Tony Abbott became PM on the back of energy policy (and Labor instability). So might Bill Shorten, from the opposite end of the policy spectrum.

So far, climate policy has cost the jobs of John Howard, Brendan Nelson, Kevin Rudd, Julia Gillard, Malcolm Turnbull (twice) and may yet claim Scott Morrison.

Shorten is hoping that he can buck the trend, and convince Australians that climate policy is worth the cost they will have to pay.

Lessons for all

Shorten should take some time to watch what is happening in France.

Morrison should take some time to watch what is happening in France.

There are important lessons for both:

When Emmanuel Macron rose to power, he put the environment at the heart of his agenda. Eighteen months later, anger over those policies has stoked protests that are a huge challenge for the French president.

Macron’s plight illustrates a conundrum: How do political leaders’ introduce policies that will do long-term good for the environment without inflicting extra costs on voters that may damage their chances of re-election?

Short answer: they can’t. The point of a carbon price is to compel you to change behaviour through a penalty … if the tax don’t hurt, the tax don’t work.

Macron’s approval rating is sitting at 26 per cent. Even Morrison’s are higher (for the moment)

It is a question facing leaders across the world as delegates hold talks in the Polish city of Katowice this week to try to produce a “rule book” to flesh out details of the 2015 Paris Agreement on fighting climate change.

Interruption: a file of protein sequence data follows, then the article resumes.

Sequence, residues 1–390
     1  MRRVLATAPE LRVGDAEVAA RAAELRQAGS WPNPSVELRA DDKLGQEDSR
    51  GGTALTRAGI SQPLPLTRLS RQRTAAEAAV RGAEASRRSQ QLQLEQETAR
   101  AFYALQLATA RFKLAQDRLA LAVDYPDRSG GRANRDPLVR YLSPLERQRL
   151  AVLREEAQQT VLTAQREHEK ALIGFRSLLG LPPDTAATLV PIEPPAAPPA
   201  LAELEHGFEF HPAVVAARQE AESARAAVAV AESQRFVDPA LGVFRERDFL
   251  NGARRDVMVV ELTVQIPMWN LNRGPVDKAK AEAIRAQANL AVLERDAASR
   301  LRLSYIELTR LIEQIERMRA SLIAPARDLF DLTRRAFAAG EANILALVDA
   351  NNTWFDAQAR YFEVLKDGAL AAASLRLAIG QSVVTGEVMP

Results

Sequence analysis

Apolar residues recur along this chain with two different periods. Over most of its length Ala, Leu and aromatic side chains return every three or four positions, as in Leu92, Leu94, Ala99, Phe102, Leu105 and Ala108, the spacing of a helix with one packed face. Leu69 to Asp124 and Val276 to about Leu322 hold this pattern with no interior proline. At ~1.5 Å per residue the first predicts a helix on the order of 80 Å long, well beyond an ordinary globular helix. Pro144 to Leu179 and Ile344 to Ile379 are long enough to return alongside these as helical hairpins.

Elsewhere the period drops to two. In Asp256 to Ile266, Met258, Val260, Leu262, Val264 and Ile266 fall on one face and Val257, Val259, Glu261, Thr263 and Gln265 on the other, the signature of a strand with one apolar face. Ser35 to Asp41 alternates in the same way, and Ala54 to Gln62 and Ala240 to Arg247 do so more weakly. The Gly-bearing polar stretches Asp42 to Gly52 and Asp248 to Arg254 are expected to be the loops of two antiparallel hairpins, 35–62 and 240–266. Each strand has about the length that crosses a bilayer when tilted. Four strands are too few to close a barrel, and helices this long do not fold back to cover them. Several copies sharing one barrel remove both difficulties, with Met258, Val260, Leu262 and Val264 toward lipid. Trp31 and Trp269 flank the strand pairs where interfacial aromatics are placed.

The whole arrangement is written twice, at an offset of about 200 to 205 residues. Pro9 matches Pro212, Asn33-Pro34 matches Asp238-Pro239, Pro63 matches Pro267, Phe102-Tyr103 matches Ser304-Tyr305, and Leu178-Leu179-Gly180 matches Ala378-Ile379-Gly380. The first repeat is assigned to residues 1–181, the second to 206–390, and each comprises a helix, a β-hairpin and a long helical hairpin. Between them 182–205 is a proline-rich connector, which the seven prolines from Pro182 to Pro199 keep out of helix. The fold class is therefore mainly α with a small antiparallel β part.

“Clearly, countries where inequalities are the highest are the ones where these kinds of push-backs are mostly likely,” Francois Gemenne, a specialist in environmental geopolitics at SciencesPo university in Paris, said of the political risks.

Naming Italy, the United States and Britain as countries where environmental moves could risk a voter backlash, he said: “I guess it’s one of the reasons why populist leaders tend to be very skeptical about climate change and environmental measures.”

The protests in France have inspired a similar movement in neighboring Belgium, where protesters took to the streets on Friday.

There have also been small-scale protests in Canada over Prime Minister Justin Trudeau’s plan to impose a federal carbon tax on provinces unwilling to combat climate change.

Shorten is betting that Australians are so disappointed with the Morrison Government that we embrace a price on carbon and/or the associated climate policies, such as increased ‘investment’ in renewables which increases the cost of power. In essence, a de facto carbon tax.

This is essentially a repeat of 2007 when Kevin Rudd defeated John Howard.

And we know how that turned out. For everyone.


Feature image: AFP.